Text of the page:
Robbed at the 1980 Olympics?
Forty years ago, the United States boycotted an Olympic Games for the first and, to date, only time. This is the story of the actual 1980 Olympics in Moscow, and the plight of one man who believes the Soviets robbed him of a gold medal.
Part 1: The saga of the 1980 boycott | Part 2: The lives forever changed
More: An American medals in Moscow | Muhammad Ali plays diplomat
For a few exhilarating seconds, Ian Campbell believed he had won.
He thought he had claimed his first gold medal, shattered an Olympic record and dethroned a Soviet icon.
Campbell raised his left arm in triumph just after he hit the pit. Then he thrust his right arm in the air too after glancing down to confirm where he landed. Not until the 23-year-old Australian triple jumper began leaping up and down in excitement did he notice that a meet official had belatedly raised a red flag to signify a foul.
“It was a joke,” Campbell told Yahoo Sports. “When you watch the video, you can see the judge who is going to put the pin in the sand has a look of panic on his face. I’m assuming he didn’t know whether to measure my jump or not. He’s looking back, you could argue, for instruction.”
It was the third round of the men’s triple jump final at the 1980 Summer Olympics in Moscow, and Campbell had begun to suspect a Soviet conspiracy. The judges kept throwing out the longest jumps by the two primary medal threats from other countries in an apparent effort to tilt the competition in favor of the Soviets.
Incredulous and irate after his massive third jump was red-flagged, Campbell inspected the takeoff board. He found no mark to indicate he overstepped the line. The chief judge then pointed to another official seated further down the runway. That official said that Campbell scraped his trail leg on the ground while entering the jump phase, an act that today is no longer a foul because it actually hinders a jumper.
Campbell’s only remaining recourse was to call for a referee from the governing body of world track and field. No IAAF referee interceded, and the meet officials raked over the sand pit despite Campbell’s protests, erasing all evidence of his potentially historic leap without even taking a measurement.
A staggering 9 of the 12 attempts from Campbell and Brazilian world record holder Joao de Oliveira were ruled fouls, including several that were well beyond the winning jump. That came from surprise champion Jaak Uudmae, who edged out fellow Soviet and three-time reigning gold medalist Viktor Saneyev, who settled for silver.
“The whole thing stank, absolutely stank,” John Boas, Campbell’s coach at the time, told Yahoo Sports. “It was obvious that if you fouled and you were a Soviet athlete, white flag. If you were the wrong athlete, red flag. I was absolutely furious when I left the stadium. I was probably naive, but I just couldn’t believe this sort of thing could go on.”
At the height of the Cold War, in their first Olympics on home soil, the Soviets were willing to go to great lengths to demonstrate their superiority. But did that extend to the field of play?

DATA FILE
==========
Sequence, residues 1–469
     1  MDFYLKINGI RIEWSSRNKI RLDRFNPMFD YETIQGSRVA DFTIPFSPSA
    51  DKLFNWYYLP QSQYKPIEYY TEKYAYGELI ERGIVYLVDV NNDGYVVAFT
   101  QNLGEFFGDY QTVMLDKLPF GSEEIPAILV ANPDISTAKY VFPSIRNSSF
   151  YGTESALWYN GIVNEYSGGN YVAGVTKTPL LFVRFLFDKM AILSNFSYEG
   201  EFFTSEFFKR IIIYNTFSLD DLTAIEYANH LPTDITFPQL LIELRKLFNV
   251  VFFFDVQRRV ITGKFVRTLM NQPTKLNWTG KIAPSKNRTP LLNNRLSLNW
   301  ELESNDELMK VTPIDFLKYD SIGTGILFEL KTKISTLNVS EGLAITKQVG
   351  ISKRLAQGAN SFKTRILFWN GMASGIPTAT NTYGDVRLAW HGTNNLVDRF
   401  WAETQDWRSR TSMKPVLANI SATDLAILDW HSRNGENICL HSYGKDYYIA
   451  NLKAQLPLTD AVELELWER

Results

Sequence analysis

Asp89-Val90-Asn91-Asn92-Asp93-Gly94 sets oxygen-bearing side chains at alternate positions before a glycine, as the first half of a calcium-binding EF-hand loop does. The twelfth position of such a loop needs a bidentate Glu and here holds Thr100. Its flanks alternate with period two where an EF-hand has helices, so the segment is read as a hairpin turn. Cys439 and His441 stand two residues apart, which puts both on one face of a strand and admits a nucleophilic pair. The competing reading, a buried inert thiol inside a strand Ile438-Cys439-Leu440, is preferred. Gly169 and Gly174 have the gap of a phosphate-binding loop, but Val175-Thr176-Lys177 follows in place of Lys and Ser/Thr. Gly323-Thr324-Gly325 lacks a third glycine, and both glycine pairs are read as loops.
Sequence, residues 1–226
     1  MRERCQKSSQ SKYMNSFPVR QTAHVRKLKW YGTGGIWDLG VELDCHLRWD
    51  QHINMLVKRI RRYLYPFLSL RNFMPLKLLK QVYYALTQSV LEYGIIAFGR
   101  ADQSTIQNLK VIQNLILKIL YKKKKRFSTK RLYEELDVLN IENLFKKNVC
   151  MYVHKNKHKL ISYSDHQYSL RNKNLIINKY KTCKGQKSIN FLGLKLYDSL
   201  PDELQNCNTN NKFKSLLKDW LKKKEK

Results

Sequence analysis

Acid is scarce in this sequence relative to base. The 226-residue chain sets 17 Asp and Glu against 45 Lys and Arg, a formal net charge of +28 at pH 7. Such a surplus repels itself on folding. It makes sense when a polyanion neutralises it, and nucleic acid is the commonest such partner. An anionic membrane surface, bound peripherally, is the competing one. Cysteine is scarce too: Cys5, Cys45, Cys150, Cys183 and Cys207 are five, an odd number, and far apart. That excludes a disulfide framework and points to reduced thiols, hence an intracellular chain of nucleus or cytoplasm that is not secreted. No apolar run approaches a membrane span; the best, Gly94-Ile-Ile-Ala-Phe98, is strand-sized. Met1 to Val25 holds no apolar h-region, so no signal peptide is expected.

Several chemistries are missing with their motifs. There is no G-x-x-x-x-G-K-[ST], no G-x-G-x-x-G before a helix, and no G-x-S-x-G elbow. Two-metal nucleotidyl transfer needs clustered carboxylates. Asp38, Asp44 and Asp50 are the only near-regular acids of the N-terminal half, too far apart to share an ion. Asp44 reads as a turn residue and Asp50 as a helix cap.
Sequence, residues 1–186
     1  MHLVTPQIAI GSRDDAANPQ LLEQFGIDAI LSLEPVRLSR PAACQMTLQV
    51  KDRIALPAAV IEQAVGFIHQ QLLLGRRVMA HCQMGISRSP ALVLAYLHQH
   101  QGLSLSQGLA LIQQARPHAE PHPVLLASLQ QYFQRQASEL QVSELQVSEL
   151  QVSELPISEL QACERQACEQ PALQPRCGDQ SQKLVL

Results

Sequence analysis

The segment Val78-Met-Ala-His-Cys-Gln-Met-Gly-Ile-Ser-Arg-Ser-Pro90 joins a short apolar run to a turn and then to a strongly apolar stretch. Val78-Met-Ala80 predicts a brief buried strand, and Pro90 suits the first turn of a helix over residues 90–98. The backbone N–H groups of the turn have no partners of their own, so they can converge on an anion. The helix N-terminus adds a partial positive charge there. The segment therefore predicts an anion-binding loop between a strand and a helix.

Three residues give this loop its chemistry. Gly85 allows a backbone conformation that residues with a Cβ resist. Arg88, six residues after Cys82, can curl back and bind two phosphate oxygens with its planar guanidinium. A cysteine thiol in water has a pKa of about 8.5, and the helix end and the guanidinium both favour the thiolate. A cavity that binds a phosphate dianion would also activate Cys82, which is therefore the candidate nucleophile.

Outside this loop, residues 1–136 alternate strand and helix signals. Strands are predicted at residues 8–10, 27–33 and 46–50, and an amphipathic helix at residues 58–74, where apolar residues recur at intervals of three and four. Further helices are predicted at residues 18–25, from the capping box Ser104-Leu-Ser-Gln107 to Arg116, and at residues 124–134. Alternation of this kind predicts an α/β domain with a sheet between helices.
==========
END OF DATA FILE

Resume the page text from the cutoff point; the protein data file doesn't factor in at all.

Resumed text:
The Soviet Union takes center stage
Before swarms of tourists descended upon Moscow four decades ago, Soviet leaders first had to get their capital city ready for its close-up.
They tried to project an image of stability and prosperity by erecting new stadiums and hotels, repairing crumbling roads and lining streets with freshly planted flowers and trees.
Russia experienced severe shortages of meat and dairy products and fresh produce throughout 1980, but truckloads of extra supplies arrived in Moscow days before the Olympics began. Shops also suddenly began offering Western products that had previously been in short supply, from bottles of Pepsi and Fanta to Marlboro cigarettes.
Besides trying to hoodwink foreigners into thinking Moscow was always well stocked with food, the Soviets also took extraordinary measures to temporarily rid the city of prostitutes, homeless and other undesirables. They were “swept not just under the carpet, but into dustbins, carried out and deposited elsewhere,” George Plimpton wrote in Harper’s magazine in October 1980.
While the efforts to spruce up Moscow mirror Beijing’s war on smog in 2008 or Rio De Janeiro’s attempts to mask its polluted water and violent crime in 2016, the Soviets used the Olympics for more than just boosting national prestige. They portrayed Moscow’s selection as the host city as confirmation of the world’s approval of their foreign policy. They equated staging a first-class Olympics and dominating the medal count with proving the superiority of the socialist system.
The value of the Moscow Olympics as a Soviet propaganda tool was not lost on their Cold War adversaries in America. That’s why Jimmy Carter favored spoiling those Olympics as his retaliation for Soviet expansionism
On Jan. 2, 1980, just over a week after the Soviets invaded Afghanistan, Carter and 11 other men sat around a table in Washington discussing possible U.S. responses. In front of each of them was a State Department paper specifying three goals the U.S needed to accomplish:
The first is punitive: we want them to pay a price for infringing fundamental principles of international behavior. The second is coercive: we want them to withdraw their troops and allow Afghanistan to return to a semblance of sovereignty and neutrality. The third is deterrent: we want to prevent the Soviets from crossing further thresholds.